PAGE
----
Shining cuckoos, shonky parents

Last updated 12:33 09/11/2012

Shining cuckoos or pipiwharauroa take a "hands-off" approach to parenting, preferring to let another bird do the grunt work of raising their babies; while they soak up the sun, gorge on insects and then fly off to the Pacific for winter.

grey warbler feeding shining cuckoo1 (photo: Malcolm Pullman)

The tiny grey warbler parents take on the task of feeding the enormous shining cuckoo chick. Photo: Malcolm Pullman.

In New Zealand the shining cuckoo is our harbinger of spring. That distinctive pweeep-pweeep-pweeep-pweeeep-pweeeeep-pweeeep-pwwwaaaaooooo sound (listen here if you don't believe me!) has been described as sounding like a sheep farmer whistling his dog.  We start to hear that sound over here around the end of September, and it's a lovely reminder that warmer weather is on the way.

The journey that the shining cuckoos take from the western edge of the Pacific, past Australia and on to New Zealand is thousands of kilometres. That's quite an impressive journey for a bird not much bigger than a blackbird!

The incredible journey of cuckoos leaving the Pacific was recognised by Polynesians who watched the annual migration and guessed there must be land south of the Pacific Islands, perhaps giving them the motivation to jump into their waka and seek out New Zealand.

Most cuckoos around the world are "brood parasites". This means that they don't raise their own chicks, instead laying their eggs in the nests of other birds who do the chick-rearing for them.

To some mums and dads out there, the shining cuckoos' approach to parenting might sound like they have it made. After arriving in New Zealand, they set about finding a suitable foster-parent, which for the shining cuckoo is invariably the tiny grey warbler.  How the pipiwharauroa managed to get her (comparatively big) bottom into the tiny pear-shaped grey warbler's nest is quite a puzzle. It turns out the cuckoo perches on the rim of the nest, pokes her bottom into the hole and carefully lays her egg amongst the grey warbler eggs.

This is where the fun starts.  Evolution has given the shining cuckoo egg an advantage, since it hatches before the grey warbler eggs, and once hatched the tiny chick actually pushes the remaining eggs or even chicks out of the nest.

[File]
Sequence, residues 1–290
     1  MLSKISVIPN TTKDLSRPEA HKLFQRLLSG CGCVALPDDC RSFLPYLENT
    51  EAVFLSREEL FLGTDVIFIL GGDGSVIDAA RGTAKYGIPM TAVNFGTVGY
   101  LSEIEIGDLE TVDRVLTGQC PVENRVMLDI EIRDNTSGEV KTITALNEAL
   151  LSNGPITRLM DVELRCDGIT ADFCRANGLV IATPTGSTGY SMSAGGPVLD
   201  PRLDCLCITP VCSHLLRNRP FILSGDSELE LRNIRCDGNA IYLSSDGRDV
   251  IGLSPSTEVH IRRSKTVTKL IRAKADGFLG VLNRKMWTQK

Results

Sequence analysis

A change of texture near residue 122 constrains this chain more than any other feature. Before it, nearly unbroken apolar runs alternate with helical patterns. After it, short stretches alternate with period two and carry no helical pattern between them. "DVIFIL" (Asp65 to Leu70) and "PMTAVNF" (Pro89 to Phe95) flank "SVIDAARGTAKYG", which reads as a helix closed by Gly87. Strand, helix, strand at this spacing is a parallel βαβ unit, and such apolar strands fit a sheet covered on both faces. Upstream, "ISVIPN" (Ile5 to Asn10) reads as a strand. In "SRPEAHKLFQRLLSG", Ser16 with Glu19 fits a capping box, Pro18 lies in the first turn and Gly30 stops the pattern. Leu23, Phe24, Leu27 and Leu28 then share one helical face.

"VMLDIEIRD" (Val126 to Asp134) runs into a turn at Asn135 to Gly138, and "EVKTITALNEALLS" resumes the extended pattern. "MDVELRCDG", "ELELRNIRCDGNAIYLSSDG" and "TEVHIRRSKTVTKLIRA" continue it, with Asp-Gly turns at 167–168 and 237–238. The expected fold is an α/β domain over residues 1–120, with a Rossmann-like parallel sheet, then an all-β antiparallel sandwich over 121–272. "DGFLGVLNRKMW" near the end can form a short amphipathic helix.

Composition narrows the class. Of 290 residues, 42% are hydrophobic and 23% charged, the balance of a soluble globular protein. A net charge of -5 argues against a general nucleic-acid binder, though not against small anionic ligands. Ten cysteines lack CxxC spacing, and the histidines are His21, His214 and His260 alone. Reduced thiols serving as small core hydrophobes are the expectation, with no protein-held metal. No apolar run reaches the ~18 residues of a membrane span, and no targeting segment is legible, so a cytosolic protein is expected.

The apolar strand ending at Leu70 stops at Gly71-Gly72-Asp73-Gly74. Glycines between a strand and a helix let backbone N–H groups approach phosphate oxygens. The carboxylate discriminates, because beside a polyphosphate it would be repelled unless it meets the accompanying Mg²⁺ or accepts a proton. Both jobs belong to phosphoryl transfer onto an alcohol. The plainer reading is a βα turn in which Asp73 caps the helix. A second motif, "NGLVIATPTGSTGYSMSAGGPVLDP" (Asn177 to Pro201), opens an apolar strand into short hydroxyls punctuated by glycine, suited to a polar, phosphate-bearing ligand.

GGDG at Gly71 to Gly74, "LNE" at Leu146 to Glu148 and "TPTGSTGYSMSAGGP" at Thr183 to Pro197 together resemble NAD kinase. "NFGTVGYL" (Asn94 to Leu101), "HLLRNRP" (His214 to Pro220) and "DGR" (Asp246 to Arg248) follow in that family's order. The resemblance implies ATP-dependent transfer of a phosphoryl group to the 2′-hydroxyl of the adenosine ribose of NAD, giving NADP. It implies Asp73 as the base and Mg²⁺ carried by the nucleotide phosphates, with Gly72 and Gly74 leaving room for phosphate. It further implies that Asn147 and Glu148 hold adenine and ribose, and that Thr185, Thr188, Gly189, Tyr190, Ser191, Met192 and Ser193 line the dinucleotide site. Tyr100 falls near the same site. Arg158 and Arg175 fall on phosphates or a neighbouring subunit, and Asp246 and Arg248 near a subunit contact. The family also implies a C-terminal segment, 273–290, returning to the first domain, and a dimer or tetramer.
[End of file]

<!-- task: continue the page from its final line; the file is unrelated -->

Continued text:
From that point on, the shining cuckoo chick takes up all of the grey warbler parents' attention and energy, and being much larger, requires a constant delivery of spiders and insects. Grey warblers are tiny (weighing as much as two ten-cent pieces), and can look quite comical feeding their gargantuan cuckoo chick. They are dedicated parents though, and will feed the impostor chick for four weeks (they have even been seen hanging around their fledged chick to make sure it's OK) before it flies off to join its fellow cuckoos in the Pacific.

It's not all bad news for the supernanny grey warblers though, since they somehow manage to raise a clutch of eggs before the shining cuckoos arrive, giving them a chance to raise their own offspring first.

The story of the shining cuckoo and grey warbler has always fascinated me. I've never seen a shining cuckoo chick in a grey warbler nest, but a shining cuckoo arrived in our silk tree on Boxing Day last year and was beautiful to see.

Have you ever seen a shining cuckoo? Or just heard them? Did you know about their pretty selfish breeding tactics?

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